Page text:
The Things Network, the community-driven LoRaWAN project, has announced a world record successful transmission distance from the Servet project: 476 miles, or 766 kilometres.

Designed for low power yet wide area use, LoRaWAN is the technology behind community-driven wide-area networking project The Things Network – the largest open LoRaWAN network in the world, operating in over 100 countries. The Servet project, meanwhile, is a citizen science initiative focused on experimentation through weather balloons – and this month seven new balloons with The Things Network connectivity, alongside standard LoRa and APRS, were launched to set a new world record.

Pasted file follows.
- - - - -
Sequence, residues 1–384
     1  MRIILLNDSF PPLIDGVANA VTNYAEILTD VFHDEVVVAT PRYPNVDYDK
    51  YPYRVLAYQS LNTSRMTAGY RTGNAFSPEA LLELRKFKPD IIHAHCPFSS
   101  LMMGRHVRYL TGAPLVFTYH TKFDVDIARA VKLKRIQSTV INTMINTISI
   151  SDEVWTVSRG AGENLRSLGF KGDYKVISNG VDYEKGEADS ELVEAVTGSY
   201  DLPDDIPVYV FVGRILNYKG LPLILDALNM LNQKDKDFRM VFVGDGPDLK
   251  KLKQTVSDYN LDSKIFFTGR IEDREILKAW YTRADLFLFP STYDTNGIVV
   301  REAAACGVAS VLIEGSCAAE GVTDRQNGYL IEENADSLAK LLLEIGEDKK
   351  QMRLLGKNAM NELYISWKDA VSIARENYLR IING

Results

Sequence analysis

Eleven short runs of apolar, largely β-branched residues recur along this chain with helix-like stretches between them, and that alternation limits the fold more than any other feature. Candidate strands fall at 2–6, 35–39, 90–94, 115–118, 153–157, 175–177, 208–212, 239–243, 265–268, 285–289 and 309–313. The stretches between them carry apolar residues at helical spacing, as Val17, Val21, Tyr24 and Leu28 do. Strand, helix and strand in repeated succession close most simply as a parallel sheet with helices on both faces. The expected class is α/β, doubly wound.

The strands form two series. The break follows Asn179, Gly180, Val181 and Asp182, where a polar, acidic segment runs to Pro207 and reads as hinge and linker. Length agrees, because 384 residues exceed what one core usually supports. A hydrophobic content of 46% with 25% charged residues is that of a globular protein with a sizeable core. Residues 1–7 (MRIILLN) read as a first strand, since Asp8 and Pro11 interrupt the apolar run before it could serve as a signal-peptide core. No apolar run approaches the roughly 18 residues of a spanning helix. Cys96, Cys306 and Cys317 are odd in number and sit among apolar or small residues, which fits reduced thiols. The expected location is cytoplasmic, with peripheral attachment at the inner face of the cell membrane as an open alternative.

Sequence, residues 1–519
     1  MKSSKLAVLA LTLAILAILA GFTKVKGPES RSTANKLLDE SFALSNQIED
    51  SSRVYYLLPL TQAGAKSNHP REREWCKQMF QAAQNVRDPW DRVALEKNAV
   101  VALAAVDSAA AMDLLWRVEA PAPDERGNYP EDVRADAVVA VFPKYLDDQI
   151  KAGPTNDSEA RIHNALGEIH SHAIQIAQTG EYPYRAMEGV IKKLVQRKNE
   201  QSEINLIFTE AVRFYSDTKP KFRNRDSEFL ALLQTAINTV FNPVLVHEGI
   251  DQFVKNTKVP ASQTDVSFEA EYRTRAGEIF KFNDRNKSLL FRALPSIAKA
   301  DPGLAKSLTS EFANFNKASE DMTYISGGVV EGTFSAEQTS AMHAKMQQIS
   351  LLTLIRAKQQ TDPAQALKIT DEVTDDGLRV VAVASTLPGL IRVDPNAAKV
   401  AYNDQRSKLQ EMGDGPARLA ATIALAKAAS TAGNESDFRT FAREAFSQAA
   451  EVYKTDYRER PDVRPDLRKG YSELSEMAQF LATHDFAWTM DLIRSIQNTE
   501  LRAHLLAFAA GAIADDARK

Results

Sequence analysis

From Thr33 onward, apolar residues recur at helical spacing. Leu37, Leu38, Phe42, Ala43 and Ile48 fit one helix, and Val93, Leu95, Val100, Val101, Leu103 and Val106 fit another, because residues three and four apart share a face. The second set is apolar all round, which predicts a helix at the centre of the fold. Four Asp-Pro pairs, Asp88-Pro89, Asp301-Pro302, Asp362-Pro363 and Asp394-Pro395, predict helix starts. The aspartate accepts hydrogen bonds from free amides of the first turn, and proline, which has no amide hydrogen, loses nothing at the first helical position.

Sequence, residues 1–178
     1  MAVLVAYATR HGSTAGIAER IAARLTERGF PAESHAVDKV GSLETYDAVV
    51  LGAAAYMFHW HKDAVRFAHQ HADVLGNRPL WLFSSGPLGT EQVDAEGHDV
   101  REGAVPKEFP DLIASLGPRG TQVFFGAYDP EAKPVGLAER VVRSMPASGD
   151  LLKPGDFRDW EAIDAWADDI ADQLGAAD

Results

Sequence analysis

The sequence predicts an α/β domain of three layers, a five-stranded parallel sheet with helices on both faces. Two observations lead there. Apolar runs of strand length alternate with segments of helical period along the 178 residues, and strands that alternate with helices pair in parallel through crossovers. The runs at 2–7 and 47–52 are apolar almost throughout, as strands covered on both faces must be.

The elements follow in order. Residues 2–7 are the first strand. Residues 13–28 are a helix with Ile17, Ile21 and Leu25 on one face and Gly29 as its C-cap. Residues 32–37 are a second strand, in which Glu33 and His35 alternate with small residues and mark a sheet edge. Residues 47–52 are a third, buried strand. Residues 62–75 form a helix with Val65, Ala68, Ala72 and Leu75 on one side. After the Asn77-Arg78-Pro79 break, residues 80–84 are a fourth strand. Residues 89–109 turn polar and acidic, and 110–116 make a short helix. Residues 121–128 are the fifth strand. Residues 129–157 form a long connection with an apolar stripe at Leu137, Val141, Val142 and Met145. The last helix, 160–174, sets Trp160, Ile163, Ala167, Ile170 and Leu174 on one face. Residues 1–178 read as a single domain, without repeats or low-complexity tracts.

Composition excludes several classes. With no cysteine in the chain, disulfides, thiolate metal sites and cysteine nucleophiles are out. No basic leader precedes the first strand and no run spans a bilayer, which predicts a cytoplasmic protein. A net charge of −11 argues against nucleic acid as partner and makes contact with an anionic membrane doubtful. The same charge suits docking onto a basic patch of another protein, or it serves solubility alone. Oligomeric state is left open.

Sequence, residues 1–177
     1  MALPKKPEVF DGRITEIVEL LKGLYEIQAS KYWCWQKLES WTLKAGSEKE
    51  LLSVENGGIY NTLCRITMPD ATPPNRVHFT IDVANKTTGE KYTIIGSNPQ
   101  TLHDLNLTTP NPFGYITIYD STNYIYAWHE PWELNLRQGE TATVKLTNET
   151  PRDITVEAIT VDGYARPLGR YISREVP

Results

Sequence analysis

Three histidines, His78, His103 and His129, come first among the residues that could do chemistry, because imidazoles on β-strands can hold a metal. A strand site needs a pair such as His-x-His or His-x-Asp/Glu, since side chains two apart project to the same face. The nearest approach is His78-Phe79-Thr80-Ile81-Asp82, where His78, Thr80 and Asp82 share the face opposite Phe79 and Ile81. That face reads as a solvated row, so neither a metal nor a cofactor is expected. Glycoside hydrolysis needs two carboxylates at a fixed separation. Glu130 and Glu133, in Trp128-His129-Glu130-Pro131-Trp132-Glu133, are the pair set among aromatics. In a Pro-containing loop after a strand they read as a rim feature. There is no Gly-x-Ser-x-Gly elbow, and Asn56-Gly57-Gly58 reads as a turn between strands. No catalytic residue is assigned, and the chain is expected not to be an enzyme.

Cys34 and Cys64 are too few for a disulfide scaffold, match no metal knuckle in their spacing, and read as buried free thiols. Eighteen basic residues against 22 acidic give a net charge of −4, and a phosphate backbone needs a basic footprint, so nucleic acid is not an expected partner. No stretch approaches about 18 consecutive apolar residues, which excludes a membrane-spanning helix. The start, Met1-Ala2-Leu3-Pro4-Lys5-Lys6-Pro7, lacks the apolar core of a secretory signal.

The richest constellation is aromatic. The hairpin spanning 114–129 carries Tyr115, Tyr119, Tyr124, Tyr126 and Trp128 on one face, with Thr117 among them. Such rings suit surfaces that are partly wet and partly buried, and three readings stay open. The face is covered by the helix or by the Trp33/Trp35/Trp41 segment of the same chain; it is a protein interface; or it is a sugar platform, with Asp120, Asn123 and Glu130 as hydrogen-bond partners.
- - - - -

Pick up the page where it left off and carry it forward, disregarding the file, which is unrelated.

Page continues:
Jose Manuel Cuesta’s balloon-borne probe, fitted with three 3D-printed Moxon antennas and a reaction wheel for stabilisation, was the first to break the existing world record for LoRaWAN transmission distance with a 741 kilometre successful transmission; Enrique Torres’ Diana 1 probe quickly beat the newly-set record with one of its own at 766 kilometres, or 476 miles – despite having failed to reach its target altitude due to weather conditions. The theoretical maximum transmission distance for a LoRaWAN node, meanwhile, is estimated at 800 kilometres.

A full write-up of both records can be found on The Things Network’s blog.